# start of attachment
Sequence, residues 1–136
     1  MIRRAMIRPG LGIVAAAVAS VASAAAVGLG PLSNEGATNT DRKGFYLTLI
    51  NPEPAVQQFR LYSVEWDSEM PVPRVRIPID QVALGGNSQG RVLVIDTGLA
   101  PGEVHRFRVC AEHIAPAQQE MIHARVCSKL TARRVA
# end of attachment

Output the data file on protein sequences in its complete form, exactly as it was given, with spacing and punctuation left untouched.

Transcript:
Sequence, residues 1–136
     1  MIRRAMIRPG LGIVAAAVAS VASAAAVGLG PLSNEGATNT DRKGFYLTLI
    51  NPEPAVQQFR LYSVEWDSEM PVPRVRIPID QVALGGNSQG RVLVIDTGLA
   101  PGEVHRFRVC AEHIAPAQQE MIHARVCSKL TARRVA